May 7, 2013 - 12:00pm to 1:30pm
Harris School of Public Policy
1155 E. 60th St.
Deborah Lehr, Founding Chairman of the Capitol Archaeological Institute at The George Washington University; Director of the Paulson Institute
Since the revolution in January 2011, modern day Egypt has fallen victim to the scourge of international antiquities crime. The Capitol Archaeological Institute at the George Washington University has launched a public-private partnership with The Government of Egypt to attempt to combat looting and cultural racketeering in Egypt. Lehr will present evidence of the increase in looting since the Revolution, share the mission of the partnership and how it came about, and discuss the crisis of antiquities theft countries in crisis and how the model with Egypt might be applicable.
Deborah Lehr serves as the founding Chairman of the Capitol Archaeological Institute at The George Washington University. In that capacity, she launched the International Coalition to raise the profile of the looting of antiquities in Egypt, resulting in a private-public partnership with the Egyptian government.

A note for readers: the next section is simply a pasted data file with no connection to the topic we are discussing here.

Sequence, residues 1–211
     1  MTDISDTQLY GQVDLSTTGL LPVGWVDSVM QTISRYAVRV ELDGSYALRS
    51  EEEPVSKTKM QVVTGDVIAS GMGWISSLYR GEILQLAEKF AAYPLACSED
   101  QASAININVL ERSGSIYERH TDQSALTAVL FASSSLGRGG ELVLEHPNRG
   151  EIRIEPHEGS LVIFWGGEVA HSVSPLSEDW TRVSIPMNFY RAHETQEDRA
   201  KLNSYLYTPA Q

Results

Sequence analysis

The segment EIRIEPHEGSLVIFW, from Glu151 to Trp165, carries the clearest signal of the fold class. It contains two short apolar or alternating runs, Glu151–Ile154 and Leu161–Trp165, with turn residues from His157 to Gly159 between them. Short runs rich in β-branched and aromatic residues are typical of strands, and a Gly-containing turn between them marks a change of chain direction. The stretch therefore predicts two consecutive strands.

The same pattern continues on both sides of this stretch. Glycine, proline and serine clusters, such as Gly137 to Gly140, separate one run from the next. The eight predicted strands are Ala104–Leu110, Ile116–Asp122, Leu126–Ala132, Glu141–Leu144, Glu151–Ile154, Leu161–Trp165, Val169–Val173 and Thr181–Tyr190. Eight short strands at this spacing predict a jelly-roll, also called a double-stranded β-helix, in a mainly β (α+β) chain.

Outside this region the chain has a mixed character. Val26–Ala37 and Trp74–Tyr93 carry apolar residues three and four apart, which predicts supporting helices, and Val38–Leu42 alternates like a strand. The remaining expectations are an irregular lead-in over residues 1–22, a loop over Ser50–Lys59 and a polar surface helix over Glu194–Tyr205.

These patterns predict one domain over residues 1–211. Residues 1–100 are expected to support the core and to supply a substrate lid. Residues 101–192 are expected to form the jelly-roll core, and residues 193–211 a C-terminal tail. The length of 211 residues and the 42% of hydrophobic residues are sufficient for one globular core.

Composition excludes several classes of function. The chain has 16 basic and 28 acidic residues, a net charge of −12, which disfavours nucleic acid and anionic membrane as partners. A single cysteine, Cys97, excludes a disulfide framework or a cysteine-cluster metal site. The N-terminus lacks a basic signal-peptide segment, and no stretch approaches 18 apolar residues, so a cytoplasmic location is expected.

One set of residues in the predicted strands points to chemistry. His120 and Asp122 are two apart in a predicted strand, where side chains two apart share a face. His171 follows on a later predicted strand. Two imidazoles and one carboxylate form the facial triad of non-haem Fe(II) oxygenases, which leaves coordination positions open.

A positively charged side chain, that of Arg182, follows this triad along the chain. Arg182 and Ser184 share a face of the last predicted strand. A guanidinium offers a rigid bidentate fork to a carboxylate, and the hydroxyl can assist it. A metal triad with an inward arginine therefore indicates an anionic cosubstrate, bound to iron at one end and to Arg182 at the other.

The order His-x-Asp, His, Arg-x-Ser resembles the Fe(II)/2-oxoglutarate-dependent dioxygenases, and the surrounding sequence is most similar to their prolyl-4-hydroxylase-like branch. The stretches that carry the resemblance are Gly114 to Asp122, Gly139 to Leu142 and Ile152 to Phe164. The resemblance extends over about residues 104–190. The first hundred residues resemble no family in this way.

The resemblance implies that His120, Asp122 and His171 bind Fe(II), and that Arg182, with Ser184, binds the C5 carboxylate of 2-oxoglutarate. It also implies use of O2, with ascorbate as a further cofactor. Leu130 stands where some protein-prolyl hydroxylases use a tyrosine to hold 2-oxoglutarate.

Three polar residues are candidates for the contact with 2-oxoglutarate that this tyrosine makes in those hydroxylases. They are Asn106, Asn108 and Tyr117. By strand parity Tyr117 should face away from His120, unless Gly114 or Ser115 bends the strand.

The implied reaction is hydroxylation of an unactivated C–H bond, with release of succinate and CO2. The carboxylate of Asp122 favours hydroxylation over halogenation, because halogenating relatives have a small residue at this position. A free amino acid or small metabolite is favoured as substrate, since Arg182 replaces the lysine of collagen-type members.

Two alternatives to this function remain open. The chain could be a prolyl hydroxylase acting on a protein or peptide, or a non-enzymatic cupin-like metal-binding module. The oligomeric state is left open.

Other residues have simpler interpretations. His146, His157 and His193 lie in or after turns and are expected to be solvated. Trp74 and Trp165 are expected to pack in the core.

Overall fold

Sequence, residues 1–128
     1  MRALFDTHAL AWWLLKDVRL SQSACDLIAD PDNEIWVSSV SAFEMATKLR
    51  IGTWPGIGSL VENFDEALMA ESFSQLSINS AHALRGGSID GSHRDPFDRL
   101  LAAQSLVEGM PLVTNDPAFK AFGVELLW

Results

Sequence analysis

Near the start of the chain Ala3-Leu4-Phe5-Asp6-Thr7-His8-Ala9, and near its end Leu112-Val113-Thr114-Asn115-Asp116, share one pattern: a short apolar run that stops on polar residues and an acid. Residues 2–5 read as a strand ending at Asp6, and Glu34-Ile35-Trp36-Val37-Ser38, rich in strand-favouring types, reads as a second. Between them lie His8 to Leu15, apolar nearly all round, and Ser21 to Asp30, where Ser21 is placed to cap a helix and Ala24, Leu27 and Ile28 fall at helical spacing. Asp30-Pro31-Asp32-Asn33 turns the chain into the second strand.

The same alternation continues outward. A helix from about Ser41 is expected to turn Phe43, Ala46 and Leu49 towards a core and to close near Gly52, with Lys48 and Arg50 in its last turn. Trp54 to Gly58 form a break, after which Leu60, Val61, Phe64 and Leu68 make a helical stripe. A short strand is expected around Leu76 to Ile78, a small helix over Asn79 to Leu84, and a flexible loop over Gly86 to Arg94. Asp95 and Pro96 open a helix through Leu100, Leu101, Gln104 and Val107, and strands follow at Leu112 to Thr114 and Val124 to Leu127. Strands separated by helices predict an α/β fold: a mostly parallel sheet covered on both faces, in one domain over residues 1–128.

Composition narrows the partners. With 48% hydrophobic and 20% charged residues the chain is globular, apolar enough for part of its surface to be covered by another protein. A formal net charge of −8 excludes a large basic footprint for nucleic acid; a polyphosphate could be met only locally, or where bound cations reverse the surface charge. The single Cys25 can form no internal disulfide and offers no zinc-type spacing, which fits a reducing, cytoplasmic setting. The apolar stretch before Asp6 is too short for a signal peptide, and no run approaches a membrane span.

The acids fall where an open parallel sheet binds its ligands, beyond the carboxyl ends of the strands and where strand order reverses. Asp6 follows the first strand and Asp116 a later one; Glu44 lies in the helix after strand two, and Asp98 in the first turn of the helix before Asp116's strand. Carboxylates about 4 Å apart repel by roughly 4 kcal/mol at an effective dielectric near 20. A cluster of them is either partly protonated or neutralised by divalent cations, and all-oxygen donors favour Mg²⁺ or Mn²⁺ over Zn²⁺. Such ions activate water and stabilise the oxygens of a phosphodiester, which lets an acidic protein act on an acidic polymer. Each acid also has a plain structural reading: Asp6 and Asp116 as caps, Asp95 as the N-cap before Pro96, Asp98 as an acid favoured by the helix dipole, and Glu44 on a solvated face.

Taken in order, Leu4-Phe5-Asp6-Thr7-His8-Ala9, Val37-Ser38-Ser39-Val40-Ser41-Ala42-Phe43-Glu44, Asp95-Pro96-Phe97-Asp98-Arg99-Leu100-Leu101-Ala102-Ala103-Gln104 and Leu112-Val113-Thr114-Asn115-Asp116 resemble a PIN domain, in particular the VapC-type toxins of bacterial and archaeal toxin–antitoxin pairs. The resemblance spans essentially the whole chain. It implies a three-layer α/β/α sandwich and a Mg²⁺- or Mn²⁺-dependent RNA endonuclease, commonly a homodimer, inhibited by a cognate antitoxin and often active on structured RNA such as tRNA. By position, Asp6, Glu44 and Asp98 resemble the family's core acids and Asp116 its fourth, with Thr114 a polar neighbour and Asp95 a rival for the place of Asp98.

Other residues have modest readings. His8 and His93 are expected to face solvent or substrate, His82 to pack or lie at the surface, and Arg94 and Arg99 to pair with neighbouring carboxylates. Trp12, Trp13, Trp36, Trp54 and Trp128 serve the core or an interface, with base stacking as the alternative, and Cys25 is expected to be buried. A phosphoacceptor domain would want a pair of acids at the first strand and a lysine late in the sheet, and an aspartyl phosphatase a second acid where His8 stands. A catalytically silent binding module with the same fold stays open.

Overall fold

In addition, Lehr is the Director of the Paulson Institute, a think tank founded by former Treasury Secretary Hank Paulson, at the University of Chicago. Lehr has managed a successful consulting business representing Western and Chinese companies such as Sesame Workshop, Tory Burch, Goldman Sachs, JP Morgan, Pfizer, Sony Music, Time Warner and Boeing. Lehr has also served in the US Government where she was a lead negotiator for China's WTO Accession at the US Trade Representative, a Director of Asian Affairs at the National Security Council, and involved in export control and trade policy issues at the Department of Commerce. She serves as a member of the Council of Advisors for National Geographic, and on the Board of the Archaeological Institute of America and the International Advisory Board of the London School of Economics.